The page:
Resources and agendas: combining Walker’s insights with new data sources to chart a path ahead

This is a preview of subscription content, access via your institution.

Notes

  1. 1.

    Laws that require interests to register both their activity and valence on specific bills before the legislature.

References

  1. Bawn, Kathleen, Martin Cohen, David Karol, Seth Masket, Hans Noel, and John Zaller. 2012. A theory of political parties: Groups, policy demands and nominations in American politics. Perspectives on Politics 10(3): 571–597.

    Article  Google Scholar 

  2. Bergan, Daniel E. 2009. Does grassroots lobbying work? A field experiment measuring the effects of an e-mail lobbying campaign on legislative behavior. American Politics Research 37(2), 327–352.

  3. Blanes-i-Vidal, Jordi, Mirko Draca, and Christian Fons-Rosen. 2012. Revolving door lobbyists. The American Economic Review 102(7): 3731.

    Article  Google Scholar 

  4. Chin, Michelle L., Jon R. Bond, and Nehemia Geva. 2000. A foot in the door: An experimental study of PAC and constituency effects on access. Journal of Politics 62(2): 534–549.

    Article  Google Scholar 

  5. Crosson, Jesse M, Alexander C. Furnas, and Geoffrey M. Lorenz. 2020. Polarized Pluralism Organizational Preferences and Biases in the American Pressure System. American Political Science Review 114(4): 1117–1137.

  6. Grossmann, Matt. 2012. The not-so-special interests: Interest groups, public representation, and American governance. Stanford: Stanford University Press.

  7. Grossmann, Matt, and David A. Hopkins. 2016. Asymmetric politics: Ideological Republicans and group interest Democrats. Oxford: Oxford University Press.

    Google Scholar 

  8. Hall, Richard L., and Alan V. Deardorff. 2006. Lobbying as legislative subsidy. American Political Science Review 100(1): 69–84.

    Article  Google Scholar 

  9. Han, Hahrie. 2016. The organizational roots of political activism: Field experiments on creating a relational context. American Political Science Review 110(2): 296–307.

    Article  Google Scholar 

  10. Kalla, Joshua L., and David E. Broockman. 2016. Campaign contributions facilitate access to congressional officials: A randomized field experiment. American Journal of Political Science 60(3): 545–558.

    Article  Google Scholar 

  11. Krimmel, Katherine. 2017. The efficiencies and pathologies of special interest partisanship. Studies in American Political Development 31(2): 149–169.

    Article  Google Scholar 

  12. LaPira, Timothy M., and Herschel F. Thomas. 2017. Revolving door lobbying: Public service, private influence, and the unequal representation of interests. Lawrence: University Press of Kansas.

    Google Scholar 

  13. Lee, Frances E. 2016. Insecure majorities: Congress and the perpetual campaign. Chicago: University of Chicago Press.

    Google Scholar 

  14. Lorenz, Geoffrey M., Alexander C. Furnas, and Jesse M. Crosson. 2020. Large-N bill positions data from maplight.org: What can we learn from interest groups’ publicly observable legislative positions? Interest Groups and Advocacy 9: 342–360.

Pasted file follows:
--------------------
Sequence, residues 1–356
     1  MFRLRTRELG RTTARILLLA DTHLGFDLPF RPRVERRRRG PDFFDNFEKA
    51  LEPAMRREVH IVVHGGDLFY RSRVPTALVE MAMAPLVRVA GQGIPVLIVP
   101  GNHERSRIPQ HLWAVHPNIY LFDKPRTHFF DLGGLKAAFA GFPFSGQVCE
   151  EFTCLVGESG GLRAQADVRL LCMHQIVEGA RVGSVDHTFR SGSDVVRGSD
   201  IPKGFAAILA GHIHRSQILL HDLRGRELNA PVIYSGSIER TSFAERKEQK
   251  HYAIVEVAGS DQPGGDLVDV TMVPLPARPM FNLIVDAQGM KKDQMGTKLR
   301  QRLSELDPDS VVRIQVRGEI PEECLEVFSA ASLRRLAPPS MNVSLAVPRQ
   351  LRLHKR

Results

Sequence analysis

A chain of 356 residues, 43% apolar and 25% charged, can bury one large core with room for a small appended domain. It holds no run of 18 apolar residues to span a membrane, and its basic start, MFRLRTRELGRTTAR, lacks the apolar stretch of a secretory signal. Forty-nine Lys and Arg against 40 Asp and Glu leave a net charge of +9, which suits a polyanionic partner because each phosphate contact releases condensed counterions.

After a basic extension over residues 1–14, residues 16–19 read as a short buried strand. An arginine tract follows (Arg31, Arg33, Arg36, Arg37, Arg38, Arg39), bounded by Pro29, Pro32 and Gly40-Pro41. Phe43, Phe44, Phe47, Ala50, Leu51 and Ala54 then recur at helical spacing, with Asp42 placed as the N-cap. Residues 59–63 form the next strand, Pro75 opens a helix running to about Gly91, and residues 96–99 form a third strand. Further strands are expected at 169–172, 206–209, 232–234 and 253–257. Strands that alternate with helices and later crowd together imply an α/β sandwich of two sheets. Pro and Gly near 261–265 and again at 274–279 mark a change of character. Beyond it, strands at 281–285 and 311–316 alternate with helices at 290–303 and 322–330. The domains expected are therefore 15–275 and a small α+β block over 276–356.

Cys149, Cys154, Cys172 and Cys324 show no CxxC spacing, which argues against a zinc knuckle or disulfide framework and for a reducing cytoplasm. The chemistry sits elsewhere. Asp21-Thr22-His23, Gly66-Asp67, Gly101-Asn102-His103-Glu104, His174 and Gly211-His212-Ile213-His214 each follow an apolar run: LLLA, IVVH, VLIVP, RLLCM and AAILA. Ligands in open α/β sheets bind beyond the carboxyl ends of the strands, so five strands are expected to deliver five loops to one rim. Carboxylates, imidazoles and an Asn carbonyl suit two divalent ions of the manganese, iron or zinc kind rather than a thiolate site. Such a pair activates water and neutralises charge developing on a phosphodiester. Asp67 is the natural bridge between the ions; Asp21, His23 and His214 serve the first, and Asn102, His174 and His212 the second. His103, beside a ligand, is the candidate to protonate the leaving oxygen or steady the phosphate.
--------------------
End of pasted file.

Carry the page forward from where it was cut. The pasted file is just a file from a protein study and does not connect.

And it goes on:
15. McCrain, Joshua. 2018. Revolving door Lobbyists and the value of congressional staff connections. The Journal of Politics 80 (4): 1369–1383.

    Article  Google Scholar 

  16. Pierson, Paul, and Eric Schickler. 2019. Madison's constitution under stress: A developmental analysis of political polarization. Annual Review of Political Science 23: 37–58.

  17. Schlozman, Kay Lehman, Sidney Verba, and Henry E. Brady. 2013. The unheavenly chorus: Unequal political voice and the broken promise of American democracy. Princeton: Princeton University Press.

  18. Thieme, S. 2020. Moderation or Strategy? Political Giving by Corporations and Trade Groups. The Journal of Politics 82(3): 1171–1175.

  19. Walker, Jack L. 1991. Mobilizing interest groups in America: Patrons, professions, and social movements. Ann Arbor: University of Michigan Press.

    Google Scholar 

  20. Zoorob, Michael. 2019. Blue endorsements matter: How the fraternal order of police contributed to donald trump’s victory. PS: Political Science and Politics 52(2): 243–250.

Download references

Author information

Affiliations

Authors

Corresponding author

Correspondence to Alexander C. Furnas.

Ethics declarations

Conflict of interest

On behalf of all authors, the corresponding author states that there is no conflict of interest.

Additional information

Publisher's Note

Springer Nature remains neutral with regard to jurisdictional claims in published maps and institutional affiliations.

Rights and permissions

Reprints and Permissions

About this article

Verify currency and authenticity via CrossMark

Cite this article

Crosson, J.M., Furnas, A.C. & Lorenz, G.M. Resources and agendas: combining Walker’s insights with new data sources to chart a path ahead. Int Groups Adv 10, 85–90 (2021). https://doi.org/10.1057/s41309-021-00113-4

Download citation